Friday, 2 August 2013

A holiday in Scotland

Ayr Beach
I've been on holiday for the last week, in Ayr in Scotland, staying with my cousin and her family.  We've been going there to stay every summer for the last few years, now, and it's always enjoyable, and relaxing, and nice for my daughter to have the company of a household full of kids.  Of course, there is not much to report about nuclear physics during such a time, but not quite literally nothing.  

One evening while in Ayr, we (me, my partner and my parents) met up with an old family friend - a guy a little older than me who is the son of an old friend of my Dad's from his schooldays.  He'd moved up to Ayr some time ago, but hails from the town my parents live in (Bishop's Stortford), and I lived in for the latter half of my childhood.  Aside from these links, we probably don't have too much in common, but that's not to stop us enjoying a chat and a couple of beers in a pub.  When it came to finding out what each other did for a living, his response to me being a nuclear physicist was on the extreme end of things.  He immediately responded with "F*** me!"  Perhaps it is just his usual turn of phrase.  I'm used this kind of response, but not quite at that extreme.  I can't actually remember how I phrased what I did by way of employment, or whether it was actually me (and not, say, my mum) who said it.  Usually I wouldn't come straight out with nuclear physicist, but something like "I teach at a University".  This is what I said to the guy in the sports shop in Silverburn shopping centre, where my partner was buying me some running shoes as a birthday present (and as an encouragement to go running more often).  He then asked what I taught, and I said physics to which he replied that he never did understand physics at school.  That's the other response I commonly get.  "Wow" or "I never understood / hated physics I school" cover probably 90% of responses.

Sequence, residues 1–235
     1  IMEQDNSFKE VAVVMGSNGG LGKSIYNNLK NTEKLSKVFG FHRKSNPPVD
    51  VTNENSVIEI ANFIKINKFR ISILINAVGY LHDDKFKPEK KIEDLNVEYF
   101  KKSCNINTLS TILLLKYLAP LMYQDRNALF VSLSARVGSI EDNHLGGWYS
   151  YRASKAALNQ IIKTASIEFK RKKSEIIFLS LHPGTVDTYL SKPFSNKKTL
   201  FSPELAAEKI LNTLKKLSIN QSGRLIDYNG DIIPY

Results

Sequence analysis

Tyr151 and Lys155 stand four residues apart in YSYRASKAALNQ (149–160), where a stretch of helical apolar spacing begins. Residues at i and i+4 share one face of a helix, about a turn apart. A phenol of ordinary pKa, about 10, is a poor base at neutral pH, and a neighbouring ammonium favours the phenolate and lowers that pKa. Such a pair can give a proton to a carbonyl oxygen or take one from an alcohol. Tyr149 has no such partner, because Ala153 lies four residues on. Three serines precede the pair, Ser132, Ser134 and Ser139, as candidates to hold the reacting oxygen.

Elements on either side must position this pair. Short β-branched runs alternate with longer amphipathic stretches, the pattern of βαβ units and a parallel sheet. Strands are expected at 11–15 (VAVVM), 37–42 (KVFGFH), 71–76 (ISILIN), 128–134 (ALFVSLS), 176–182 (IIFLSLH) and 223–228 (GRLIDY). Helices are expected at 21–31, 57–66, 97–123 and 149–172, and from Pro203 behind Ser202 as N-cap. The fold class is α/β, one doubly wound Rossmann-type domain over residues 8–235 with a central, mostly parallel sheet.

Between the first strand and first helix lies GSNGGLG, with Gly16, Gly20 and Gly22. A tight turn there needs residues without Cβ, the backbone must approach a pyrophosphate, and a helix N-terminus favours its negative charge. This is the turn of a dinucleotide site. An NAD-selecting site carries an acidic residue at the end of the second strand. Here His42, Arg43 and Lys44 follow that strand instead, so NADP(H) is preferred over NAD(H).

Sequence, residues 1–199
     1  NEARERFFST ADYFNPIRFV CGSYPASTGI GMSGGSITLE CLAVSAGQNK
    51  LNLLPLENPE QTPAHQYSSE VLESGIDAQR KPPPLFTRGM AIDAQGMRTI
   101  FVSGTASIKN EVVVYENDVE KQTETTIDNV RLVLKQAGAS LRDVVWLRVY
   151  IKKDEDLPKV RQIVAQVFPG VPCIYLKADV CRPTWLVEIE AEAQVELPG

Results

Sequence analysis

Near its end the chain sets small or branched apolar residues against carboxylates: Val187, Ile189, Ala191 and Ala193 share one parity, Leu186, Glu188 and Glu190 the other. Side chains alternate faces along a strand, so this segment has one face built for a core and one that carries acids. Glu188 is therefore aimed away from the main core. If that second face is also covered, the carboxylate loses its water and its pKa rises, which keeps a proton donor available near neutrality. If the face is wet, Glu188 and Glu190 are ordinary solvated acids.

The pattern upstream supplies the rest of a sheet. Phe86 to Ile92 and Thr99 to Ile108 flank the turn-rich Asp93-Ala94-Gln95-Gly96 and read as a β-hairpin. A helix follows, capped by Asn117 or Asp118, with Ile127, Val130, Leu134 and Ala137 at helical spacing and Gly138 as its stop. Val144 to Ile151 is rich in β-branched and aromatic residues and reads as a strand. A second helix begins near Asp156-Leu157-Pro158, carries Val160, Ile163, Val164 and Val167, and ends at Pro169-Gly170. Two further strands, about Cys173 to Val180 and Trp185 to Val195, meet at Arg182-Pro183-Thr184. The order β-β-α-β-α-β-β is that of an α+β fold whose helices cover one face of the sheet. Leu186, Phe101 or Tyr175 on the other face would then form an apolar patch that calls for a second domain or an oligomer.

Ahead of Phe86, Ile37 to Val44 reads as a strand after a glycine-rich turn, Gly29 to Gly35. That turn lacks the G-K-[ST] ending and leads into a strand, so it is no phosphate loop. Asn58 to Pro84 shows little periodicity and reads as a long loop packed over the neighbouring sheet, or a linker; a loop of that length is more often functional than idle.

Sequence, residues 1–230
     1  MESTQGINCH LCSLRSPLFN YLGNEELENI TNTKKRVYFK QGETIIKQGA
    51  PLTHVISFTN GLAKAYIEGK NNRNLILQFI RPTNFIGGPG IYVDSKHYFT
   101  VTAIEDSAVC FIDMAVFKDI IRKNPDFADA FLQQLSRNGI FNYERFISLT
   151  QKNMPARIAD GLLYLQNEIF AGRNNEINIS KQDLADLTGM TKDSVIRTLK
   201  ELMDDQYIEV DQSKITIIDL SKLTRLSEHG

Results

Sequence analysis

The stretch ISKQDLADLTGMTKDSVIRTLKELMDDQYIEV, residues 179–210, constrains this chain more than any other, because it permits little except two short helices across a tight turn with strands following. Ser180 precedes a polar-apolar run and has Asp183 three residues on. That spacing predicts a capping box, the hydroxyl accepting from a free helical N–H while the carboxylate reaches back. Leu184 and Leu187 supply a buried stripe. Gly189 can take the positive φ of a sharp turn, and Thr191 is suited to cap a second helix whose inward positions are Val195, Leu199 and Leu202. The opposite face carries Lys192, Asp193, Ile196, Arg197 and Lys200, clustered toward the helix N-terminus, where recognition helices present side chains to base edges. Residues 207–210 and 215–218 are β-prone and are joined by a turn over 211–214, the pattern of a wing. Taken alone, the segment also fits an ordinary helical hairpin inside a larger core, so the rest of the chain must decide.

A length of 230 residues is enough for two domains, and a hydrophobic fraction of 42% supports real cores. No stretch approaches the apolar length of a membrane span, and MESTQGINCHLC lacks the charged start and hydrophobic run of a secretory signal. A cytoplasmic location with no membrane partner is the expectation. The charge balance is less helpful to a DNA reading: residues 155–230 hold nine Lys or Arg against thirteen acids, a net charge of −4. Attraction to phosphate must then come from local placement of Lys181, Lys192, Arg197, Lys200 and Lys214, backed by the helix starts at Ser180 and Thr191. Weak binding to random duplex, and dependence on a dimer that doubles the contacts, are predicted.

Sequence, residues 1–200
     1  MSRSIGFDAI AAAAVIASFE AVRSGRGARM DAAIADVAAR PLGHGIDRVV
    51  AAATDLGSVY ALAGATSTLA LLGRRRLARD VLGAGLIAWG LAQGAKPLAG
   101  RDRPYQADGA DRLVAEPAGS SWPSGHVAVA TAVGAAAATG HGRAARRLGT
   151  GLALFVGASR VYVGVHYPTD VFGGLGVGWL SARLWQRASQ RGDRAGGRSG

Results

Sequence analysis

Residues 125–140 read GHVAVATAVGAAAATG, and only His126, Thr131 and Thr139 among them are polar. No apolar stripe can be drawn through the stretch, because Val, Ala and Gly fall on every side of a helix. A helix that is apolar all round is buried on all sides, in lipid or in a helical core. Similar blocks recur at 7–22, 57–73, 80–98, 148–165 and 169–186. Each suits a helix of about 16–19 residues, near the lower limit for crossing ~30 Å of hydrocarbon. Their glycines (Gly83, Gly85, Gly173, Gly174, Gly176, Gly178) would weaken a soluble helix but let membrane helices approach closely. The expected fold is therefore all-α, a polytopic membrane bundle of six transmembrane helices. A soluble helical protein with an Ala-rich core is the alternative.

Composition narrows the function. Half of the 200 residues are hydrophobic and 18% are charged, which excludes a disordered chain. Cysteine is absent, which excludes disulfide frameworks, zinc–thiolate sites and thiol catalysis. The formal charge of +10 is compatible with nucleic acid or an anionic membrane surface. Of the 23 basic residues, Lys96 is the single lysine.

On the train journey home from Scotland, we were not the only people with a youngish child wanting entertainment to pass the time.  Perhaps lamely I let my daughter watch a lot of TV programs on my laptop and play games on my phone.  Not so a woman travelling with her young son.  He seemed to be a bit obsessed with submarines, and had a book about them.  His mum answered his questions for a long time, patiently and actually rather diligently.  She talked about the workings of the nuclear reactors aboard nuclear submarines really very well.  

The other vaguely on-topic thing (not that everything here needs to be on-topic) was this story in the Independent that I read on the train journey home.  It relates a bit to the sampling error that I didn't elaborate very clearly in this post.  The very fact that a student can take two ostensibly identical exams (in the sense that they are examining the same material at the same level) and get two different scores is part of the measurement error that is routinely ignored.  It also highlights some of the unfortunate side-effects of use of league tables.